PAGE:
2 Add the broth (four cups makes a rather dry stew, 5 cups is a little looser) heat it to a simmer and cook for 15-20 minutes.

3 While the broth simmers, mix the vinegar, lemon juice and red onion together in a bowl. Set aside.

coriander-chicken-chard-stew-8 coriander-chicken-chard-stew-9

4 Stir in the chard leaves a little at a time, adding more only when the previous batch has wilted. Add the shredded chicken and cook everything for 8-10 minutes.

coriander-chicken-chard-stew-10 coriander-chicken-chard-stew-11

5 While the stew is in its final simmer, heat the last Tbsp of butter in a small pan over medium-high heat. Wilt the remaining cilantro in the butter and cook for a minute or two.To serve, add the cilantro and the onion mixture to the stew, mix well and add salt to taste.

Serve with bread, rice or potatoes.


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Recipe adapted from and published here with permission of the author, Aida Mollenkamp of Aida Mollenkamp's Keys to the Kitchen: The Essential Reference for Becoming a More Accomplished, Adventurous Cook



Wikipedia on Coriander


Coriander Chicken Chard Stew on Simply Recipes


  1. Kalyn

    Never in a million years would have thought of putting coriander in a dish like this, but I am intrigued.

  2. Garrett

    Love Aida and love her book. The recipes are reliable, successful, and taste amazing. I made some coffee bean & chocolate cookies to excellent results.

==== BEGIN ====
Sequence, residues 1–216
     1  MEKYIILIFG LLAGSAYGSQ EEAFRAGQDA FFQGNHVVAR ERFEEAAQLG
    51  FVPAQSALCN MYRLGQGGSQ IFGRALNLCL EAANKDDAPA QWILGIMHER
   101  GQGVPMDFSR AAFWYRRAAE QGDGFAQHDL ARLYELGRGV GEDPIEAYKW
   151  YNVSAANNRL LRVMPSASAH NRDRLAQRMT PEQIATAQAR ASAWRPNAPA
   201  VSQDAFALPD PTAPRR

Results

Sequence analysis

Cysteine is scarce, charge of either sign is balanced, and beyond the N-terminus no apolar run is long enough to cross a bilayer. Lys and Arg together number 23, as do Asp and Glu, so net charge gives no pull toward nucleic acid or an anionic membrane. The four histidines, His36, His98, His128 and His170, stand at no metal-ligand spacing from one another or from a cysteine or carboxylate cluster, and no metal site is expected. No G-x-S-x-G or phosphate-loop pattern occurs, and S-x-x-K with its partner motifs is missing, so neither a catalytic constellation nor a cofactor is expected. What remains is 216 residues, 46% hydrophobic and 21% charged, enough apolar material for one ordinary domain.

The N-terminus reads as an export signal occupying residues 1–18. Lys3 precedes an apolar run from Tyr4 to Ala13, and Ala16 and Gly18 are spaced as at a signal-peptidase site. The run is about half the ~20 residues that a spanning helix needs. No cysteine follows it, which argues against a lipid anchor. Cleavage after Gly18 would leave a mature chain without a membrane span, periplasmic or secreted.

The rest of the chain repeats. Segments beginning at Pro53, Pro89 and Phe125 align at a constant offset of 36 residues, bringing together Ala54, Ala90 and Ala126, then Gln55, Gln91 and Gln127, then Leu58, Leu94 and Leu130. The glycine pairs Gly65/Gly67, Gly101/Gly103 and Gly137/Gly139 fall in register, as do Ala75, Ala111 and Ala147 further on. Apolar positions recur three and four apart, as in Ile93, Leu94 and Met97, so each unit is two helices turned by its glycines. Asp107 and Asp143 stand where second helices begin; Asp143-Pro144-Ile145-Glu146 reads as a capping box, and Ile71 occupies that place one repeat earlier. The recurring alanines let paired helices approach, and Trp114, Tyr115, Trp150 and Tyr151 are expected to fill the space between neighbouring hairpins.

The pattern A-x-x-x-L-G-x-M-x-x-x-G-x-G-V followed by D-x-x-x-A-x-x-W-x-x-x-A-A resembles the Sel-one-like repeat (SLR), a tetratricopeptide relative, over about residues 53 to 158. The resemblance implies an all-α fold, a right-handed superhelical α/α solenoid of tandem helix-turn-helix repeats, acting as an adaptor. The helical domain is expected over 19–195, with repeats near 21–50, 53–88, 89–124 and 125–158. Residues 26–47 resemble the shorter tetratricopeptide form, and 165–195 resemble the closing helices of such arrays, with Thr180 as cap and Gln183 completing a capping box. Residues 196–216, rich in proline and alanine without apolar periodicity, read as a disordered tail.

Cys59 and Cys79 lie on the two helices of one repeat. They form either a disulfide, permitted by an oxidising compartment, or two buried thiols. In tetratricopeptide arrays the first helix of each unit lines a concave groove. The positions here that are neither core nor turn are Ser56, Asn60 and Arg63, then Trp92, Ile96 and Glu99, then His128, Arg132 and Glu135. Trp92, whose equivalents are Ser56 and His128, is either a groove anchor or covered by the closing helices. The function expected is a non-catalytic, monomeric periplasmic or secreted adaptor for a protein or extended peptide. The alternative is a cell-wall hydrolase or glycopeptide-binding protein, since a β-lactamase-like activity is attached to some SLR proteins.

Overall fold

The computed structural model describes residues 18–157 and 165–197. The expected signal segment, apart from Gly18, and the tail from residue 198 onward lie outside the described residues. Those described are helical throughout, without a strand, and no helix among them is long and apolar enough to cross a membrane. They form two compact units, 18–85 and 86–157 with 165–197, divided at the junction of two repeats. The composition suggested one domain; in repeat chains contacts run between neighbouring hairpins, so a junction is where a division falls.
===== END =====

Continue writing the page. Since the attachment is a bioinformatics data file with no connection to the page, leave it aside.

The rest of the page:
Thanks, Elise for informing me of another excellent recipe I should try from it. =)

  3. aida mollenkamp

    Elise, thanks so very much for sharing this recipe and my book with your readers — i’m so honored!

    • Elise

      Happy to Aida, it’s an awesome book! Thank YOU so much for allowing me to share this great recipe of yours with everyone. :-)

  4. Eric

    Lots of fantastic flavors in this dish, can’t wait to try!

  5. Miriam @ overtimecook

    This looks delicious and hearty- and healthy! Such a perfect combination!

  6. Patrick

    I went to the grocery store to get all the ingredients and I saw a few different types of Swiss Chard. I saw a local brand that was more expensive than the generic brand. Is the difference in price worth it for the better quality? I’m asking because I’m not sure of how much of a difference better chard would make for this dish.

    • Elise

      With chard, the fresher the better. If it looks good and vibrant, that’s all you need.

  7. Tina

    I would love to try this, but I’m one of those people for whom cilantro tastes like soap. I love the flavor of coriander, but I just can’t handle the flavor of the cilantro. I’m wondering… would substituting flat leaf parsley completely ruin this dish?

    • Elise

      I think parsley would work fine, though perhaps only use half as much. Most of the greens in this stew come from the chard anyway.

      • Sandy S

        Thank you Tina and Elise for the alternative to cilantro suggestion. A little cilantro goes a long way for me and 4 cups was sounding like a deal changer. On the other hand, flat leaf parsley sounds very appealing and I am looking forward to trying it in this recipe!

  8. Crystal@alovinforkful

    I absolutely adore Middle Eastern flavors. What really caught my eye was the chard though. A warm chicken stew with chard just sounds like the perfect thing on a rainy spring evening!

  9. kimek